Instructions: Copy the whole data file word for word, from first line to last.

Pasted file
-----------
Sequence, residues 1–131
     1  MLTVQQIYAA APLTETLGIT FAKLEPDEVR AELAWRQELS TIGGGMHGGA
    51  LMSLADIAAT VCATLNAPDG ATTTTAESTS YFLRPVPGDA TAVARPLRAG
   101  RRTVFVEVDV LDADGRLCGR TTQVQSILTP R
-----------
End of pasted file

Sequence, residues 1–131
     1  MLTVQQIYAA APLTETLGIT FAKLEPDEVR AELAWRQELS TIGGGMHGGA
    51  LMSLADIAAT VCATLNAPDG ATTTTAESTS YFLRPVPGDA TAVARPLRAG
   101  RRTVFVEVDV LDADGRLCGR TTQVQSILTP R